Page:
Trouble in Democratic Paradise
KABUL, Afghanistan (AP) -- Afghanistan's first direct presidential election was thrust into turmoil hours after it started Saturday when all 15 candidates challenging interim leader Hamid Karzai alleged fraud over the ink meant to ensure people voted only once and vowed to boycott the results.Dubya couldn't have worded it any better himself. Really.
Karzai said the fate of the vote was in the hands of the electoral body, but he added that in his view "the election was free and fair ... it is very legitimate."
"Who is more important, these 15 candidates, or the millions of people who turned out today to vote?" Karzai said.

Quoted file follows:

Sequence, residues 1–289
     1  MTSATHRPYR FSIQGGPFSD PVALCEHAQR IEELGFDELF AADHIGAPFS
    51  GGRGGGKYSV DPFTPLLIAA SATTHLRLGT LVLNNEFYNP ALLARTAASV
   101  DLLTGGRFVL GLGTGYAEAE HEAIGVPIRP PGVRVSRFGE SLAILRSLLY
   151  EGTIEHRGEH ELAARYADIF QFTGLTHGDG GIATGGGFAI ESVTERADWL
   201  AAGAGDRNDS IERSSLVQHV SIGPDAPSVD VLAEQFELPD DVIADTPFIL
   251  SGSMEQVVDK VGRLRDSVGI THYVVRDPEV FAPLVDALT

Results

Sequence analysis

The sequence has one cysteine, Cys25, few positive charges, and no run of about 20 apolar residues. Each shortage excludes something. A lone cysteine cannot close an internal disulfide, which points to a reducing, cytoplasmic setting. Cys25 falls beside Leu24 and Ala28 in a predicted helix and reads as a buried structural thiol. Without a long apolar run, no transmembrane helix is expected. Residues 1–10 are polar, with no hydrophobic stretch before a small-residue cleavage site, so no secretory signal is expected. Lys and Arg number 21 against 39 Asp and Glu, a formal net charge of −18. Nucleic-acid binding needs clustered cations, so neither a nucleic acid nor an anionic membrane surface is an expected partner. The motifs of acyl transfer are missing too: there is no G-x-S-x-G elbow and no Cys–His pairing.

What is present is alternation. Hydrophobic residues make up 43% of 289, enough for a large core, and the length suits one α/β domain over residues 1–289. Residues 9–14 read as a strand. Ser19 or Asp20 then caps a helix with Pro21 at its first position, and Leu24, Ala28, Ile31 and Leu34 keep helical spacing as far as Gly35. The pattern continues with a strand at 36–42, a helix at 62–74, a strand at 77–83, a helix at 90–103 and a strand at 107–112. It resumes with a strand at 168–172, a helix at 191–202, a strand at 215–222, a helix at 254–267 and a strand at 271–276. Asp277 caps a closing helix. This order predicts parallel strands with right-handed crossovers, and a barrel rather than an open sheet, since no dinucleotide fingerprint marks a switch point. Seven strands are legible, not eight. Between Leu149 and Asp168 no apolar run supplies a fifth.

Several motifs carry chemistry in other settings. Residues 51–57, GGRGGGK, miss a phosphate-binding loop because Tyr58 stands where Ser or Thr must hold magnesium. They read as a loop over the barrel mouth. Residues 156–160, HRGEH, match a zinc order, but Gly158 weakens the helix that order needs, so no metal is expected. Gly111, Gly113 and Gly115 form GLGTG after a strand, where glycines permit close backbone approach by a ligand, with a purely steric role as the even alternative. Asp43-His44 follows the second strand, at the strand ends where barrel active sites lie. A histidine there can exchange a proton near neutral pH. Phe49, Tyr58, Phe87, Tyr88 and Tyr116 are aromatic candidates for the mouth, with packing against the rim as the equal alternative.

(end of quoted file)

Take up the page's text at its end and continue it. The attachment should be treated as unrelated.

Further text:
I saw last night's debate in an auditorium on the UM campus. The viewing was arranged by the Ann Arbor Area Committee for Peace. After the debate ended, several local academics and other experts talked about the debate. The first speaker was a native of Pakistan and very knowledgeable about Afghanistan. He said that his contacts there all said that the Afghan election was scheduled based solely on the U.S. election schedule. Afghanistan was far from ready for truly democratic elections; I think most sober analysts would say somewhere between one and two thousand years, or even longer than in the U.S. Bush was saying last night that Iraq would have elections for the first time. This wasn't true--Saddam was "elected," usually with some 99.44% of the vote. Those elections were rightly called shams, as will be today's election in Afghanistan and the election in Iraq in January, if it happens.